23%
77%

Year 3

How you'll be assessed

  • Written exams
  • Coursework
  • Practical exams
100%

Year 1

100%

Year 2

5%
95%

Year 3

What do the numbers say for

Where there isn’t enough reliable data about this specific course, we’ve shown aggregated data for all courses at this university within the same subject area

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What do students think about this subject here?

Source: NSS

Here's how satisfied past students were – useful to refer to when you’re narrowing down your options. Our student score makes comparisons easier, showing whether satisfaction is high, medium or low compared to other unis.

What do student satisfaction scores tell you?

Overall student satisfaction 43%
Student score 54% LOW
Able to access IT resources

88%

Staff made the subject interesting

63%

Library resources are satisfactory

74%

Feedback on work has been helpful

43%

Feedback on work has been prompt

54%

Staff are good at explaining things

71%

Received sufficient advice and support

69%

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Who studies this subject?

Source: HESA

Start building a picture of who you could be studying with by taking a look at the profile of people that have studied this subject here in previous years.

UK / Non-UK
6% of students here are from outside the UK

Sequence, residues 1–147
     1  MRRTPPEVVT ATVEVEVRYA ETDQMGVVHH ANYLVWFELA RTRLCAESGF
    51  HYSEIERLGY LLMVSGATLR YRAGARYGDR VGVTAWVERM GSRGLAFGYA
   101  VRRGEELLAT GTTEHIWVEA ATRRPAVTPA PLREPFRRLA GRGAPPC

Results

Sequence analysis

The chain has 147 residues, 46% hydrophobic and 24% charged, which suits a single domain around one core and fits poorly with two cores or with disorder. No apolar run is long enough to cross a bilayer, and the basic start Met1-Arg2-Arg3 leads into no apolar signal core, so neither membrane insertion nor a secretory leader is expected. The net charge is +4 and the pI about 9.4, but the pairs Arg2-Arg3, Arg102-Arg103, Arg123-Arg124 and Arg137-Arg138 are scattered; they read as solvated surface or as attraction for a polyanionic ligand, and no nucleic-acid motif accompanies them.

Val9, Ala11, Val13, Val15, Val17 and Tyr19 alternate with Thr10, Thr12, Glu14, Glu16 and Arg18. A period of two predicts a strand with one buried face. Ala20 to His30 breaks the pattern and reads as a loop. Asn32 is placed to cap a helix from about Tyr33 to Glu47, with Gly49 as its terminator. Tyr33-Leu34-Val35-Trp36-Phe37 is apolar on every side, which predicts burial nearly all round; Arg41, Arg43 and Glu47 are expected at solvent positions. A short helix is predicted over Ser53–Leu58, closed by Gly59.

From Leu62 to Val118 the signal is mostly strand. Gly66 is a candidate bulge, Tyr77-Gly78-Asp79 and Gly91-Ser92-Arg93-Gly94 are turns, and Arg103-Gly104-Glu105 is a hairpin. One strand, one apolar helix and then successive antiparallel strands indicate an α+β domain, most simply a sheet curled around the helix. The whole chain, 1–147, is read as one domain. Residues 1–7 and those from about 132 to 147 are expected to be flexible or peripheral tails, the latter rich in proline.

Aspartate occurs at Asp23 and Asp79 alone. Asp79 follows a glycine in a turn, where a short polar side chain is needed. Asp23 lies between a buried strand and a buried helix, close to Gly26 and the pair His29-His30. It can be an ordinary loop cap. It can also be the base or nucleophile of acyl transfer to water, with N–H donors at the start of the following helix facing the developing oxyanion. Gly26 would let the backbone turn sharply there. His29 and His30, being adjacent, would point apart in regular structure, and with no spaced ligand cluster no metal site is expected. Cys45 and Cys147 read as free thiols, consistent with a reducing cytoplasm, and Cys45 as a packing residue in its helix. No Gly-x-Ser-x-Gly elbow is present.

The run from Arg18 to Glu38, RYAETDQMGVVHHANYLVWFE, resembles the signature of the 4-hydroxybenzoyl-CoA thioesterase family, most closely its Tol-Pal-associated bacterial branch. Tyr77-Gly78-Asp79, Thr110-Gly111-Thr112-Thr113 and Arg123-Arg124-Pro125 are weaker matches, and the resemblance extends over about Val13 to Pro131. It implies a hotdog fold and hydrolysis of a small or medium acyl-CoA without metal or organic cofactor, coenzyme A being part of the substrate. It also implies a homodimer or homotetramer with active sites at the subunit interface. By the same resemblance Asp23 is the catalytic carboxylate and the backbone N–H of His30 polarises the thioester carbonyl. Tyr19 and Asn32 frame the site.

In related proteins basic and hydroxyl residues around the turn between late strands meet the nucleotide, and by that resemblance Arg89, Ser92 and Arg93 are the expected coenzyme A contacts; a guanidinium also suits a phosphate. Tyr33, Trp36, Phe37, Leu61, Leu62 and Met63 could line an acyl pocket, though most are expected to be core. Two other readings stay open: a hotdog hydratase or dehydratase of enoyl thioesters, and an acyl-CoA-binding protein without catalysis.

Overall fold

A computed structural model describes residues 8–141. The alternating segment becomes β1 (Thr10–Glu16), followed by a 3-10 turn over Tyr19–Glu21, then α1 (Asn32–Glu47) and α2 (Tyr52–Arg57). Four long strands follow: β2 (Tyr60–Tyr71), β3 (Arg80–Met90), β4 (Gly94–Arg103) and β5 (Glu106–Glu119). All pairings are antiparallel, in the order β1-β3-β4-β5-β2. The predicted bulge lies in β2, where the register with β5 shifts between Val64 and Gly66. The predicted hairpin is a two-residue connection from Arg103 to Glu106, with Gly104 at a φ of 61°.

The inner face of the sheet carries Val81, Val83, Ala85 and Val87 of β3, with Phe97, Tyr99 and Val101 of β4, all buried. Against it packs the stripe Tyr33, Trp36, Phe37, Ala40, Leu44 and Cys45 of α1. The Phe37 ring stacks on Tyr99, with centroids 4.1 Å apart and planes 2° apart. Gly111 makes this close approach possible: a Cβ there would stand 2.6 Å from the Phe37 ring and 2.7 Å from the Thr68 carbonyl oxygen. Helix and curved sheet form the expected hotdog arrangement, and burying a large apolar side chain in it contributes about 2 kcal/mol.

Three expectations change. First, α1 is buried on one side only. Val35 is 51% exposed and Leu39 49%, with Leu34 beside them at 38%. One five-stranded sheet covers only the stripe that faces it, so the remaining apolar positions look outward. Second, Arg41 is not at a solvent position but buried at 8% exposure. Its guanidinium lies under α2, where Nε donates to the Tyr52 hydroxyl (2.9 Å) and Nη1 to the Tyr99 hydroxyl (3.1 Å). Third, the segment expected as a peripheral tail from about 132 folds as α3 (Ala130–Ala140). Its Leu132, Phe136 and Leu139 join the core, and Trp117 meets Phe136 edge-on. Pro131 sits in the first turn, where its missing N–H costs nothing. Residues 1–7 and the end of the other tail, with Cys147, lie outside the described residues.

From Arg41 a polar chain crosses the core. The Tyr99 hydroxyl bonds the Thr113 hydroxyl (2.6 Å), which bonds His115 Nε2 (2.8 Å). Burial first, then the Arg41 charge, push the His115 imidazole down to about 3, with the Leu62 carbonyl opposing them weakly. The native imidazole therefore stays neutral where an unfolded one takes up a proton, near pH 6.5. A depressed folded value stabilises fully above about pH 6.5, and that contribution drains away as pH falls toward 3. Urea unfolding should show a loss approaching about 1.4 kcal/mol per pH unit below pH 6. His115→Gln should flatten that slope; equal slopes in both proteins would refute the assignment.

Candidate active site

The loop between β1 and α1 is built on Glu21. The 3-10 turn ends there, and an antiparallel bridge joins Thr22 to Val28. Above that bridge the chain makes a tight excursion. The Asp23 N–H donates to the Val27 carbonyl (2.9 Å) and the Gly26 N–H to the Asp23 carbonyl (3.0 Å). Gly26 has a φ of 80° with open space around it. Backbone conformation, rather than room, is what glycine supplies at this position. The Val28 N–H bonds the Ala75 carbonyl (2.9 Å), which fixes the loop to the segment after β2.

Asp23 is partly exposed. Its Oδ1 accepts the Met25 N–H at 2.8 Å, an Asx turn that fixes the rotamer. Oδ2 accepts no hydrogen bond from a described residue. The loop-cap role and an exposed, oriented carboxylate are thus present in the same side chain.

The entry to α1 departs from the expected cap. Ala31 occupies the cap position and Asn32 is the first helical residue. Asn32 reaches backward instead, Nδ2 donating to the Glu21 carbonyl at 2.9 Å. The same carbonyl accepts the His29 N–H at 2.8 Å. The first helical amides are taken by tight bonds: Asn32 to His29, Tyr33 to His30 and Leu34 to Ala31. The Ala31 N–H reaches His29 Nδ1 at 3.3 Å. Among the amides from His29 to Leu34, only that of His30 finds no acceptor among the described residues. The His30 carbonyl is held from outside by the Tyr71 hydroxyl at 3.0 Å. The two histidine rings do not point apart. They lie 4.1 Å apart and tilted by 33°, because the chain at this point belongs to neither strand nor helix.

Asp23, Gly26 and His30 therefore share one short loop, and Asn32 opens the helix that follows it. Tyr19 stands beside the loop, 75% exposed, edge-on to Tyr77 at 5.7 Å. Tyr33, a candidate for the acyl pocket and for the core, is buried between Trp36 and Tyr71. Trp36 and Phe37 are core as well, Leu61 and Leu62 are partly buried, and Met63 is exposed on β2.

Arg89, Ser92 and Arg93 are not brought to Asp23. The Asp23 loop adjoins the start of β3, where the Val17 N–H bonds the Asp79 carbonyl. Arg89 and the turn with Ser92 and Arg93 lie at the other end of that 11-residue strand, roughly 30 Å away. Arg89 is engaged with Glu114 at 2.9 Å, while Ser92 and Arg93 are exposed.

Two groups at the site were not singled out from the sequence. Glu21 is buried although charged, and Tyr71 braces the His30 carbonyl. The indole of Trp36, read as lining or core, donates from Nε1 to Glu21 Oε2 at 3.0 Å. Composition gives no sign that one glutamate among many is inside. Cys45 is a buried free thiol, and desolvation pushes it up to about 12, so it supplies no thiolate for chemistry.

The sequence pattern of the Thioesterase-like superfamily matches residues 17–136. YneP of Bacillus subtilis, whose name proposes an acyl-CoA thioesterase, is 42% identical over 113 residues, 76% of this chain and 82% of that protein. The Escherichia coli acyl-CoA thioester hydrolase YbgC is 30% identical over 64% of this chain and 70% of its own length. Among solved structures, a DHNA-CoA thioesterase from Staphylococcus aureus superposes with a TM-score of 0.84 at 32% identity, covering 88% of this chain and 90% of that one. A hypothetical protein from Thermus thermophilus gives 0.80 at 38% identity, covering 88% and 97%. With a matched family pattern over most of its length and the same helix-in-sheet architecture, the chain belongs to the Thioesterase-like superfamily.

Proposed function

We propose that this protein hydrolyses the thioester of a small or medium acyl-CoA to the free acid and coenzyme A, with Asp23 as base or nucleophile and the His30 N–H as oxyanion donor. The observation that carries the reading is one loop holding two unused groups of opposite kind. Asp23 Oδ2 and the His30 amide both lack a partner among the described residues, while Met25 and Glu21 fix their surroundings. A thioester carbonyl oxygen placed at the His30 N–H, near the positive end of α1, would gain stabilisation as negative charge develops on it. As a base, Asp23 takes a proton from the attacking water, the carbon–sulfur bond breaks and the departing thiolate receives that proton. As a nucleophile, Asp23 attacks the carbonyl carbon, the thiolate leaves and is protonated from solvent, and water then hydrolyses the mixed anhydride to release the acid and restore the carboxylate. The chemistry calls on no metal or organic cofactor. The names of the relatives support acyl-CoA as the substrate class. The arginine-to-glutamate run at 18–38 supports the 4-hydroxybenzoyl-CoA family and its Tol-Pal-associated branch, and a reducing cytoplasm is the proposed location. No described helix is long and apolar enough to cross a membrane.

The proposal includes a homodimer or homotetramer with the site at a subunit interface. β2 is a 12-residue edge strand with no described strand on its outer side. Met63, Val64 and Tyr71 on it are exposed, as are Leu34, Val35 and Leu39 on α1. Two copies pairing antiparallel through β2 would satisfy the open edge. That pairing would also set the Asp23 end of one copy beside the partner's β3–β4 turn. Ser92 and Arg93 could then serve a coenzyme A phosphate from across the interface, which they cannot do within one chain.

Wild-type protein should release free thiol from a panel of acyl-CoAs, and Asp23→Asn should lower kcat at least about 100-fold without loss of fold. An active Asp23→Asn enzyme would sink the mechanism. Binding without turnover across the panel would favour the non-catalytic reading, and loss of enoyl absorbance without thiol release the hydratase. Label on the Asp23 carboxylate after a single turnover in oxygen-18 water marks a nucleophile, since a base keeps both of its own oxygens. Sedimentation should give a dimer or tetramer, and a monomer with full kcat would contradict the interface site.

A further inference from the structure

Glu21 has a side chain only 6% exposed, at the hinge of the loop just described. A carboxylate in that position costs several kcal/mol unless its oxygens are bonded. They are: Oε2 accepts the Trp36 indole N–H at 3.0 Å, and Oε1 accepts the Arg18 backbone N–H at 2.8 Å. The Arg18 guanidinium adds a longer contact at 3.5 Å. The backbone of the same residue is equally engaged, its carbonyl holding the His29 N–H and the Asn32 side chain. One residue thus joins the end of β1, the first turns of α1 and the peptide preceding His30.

Male / Female
48% of students are female
Full-time / Part-time
5% of students are part-time
Typical Ucas points
298 entry points typically achieved by students
2:1 or above
65% of students achieved a 2:1 or above
Drop-out rate
6% of students do not continue into the second year of their course
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What are graduates doing after six months?

Source: DLHE

Here’s what students are up after they graduate from studying this subject here. We’ve analysed the employment rate and salary figures so you can see at a glance whether they’re high, typical or low compared to graduates in this subject from other universities. Remember the numbers are only measured only six months after graduation and can be affected by the economic climate - the outlook may be different when you leave uni. What do graduate employment figures really tell you?

% employed or in further study 91% MED
Average graduate salary £16k MED
Graduates who are sales assistants and retail cashiers

9%

Graduates who are secretarial and related occupations

9%

Graduates who are artistic, literary and media occupations

33%

Employment prospects for graduates of this subject

Sources: DLHE & HECSU
The UK has a world-class media industry in film, print and broadcast media, worth billions to the economy, so it's hardly surprising that ambitious and talented graduates want to work in it. But be realistic – some parts of the industry have struggled during the recession and jobs are amongst the most competitive around. If you want to be a star in front of the camera or in print, you might want to look at other options. Media studies graduates are the most likely graduates to get into the media industry (in 2012, one in seven grads entering the media had a media studies degree) but they’re more likely to be directing, or operating sound or video equipment, or researching.